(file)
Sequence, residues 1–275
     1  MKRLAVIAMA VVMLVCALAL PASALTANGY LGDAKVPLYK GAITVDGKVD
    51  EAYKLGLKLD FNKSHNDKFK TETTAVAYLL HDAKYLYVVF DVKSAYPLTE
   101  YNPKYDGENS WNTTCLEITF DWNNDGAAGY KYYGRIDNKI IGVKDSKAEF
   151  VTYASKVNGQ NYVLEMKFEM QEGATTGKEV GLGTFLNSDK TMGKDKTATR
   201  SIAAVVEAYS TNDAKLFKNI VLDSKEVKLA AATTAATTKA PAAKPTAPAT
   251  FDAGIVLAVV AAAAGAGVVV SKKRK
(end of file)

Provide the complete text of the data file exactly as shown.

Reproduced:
Sequence, residues 1–275
     1  MKRLAVIAMA VVMLVCALAL PASALTANGY LGDAKVPLYK GAITVDGKVD
    51  EAYKLGLKLD FNKSHNDKFK TETTAVAYLL HDAKYLYVVF DVKSAYPLTE
   101  YNPKYDGENS WNTTCLEITF DWNNDGAAGY KYYGRIDNKI IGVKDSKAEF
   151  VTYASKVNGQ NYVLEMKFEM QEGATTGKEV GLGTFLNSDK TMGKDKTATR
   201  SIAAVVEAYS TNDAKLFKNI VLDSKEVKLA AATTAATTKA PAAKPTAPAT
   251  FDAGIVLAVV AAAAGAGVVV SKKRK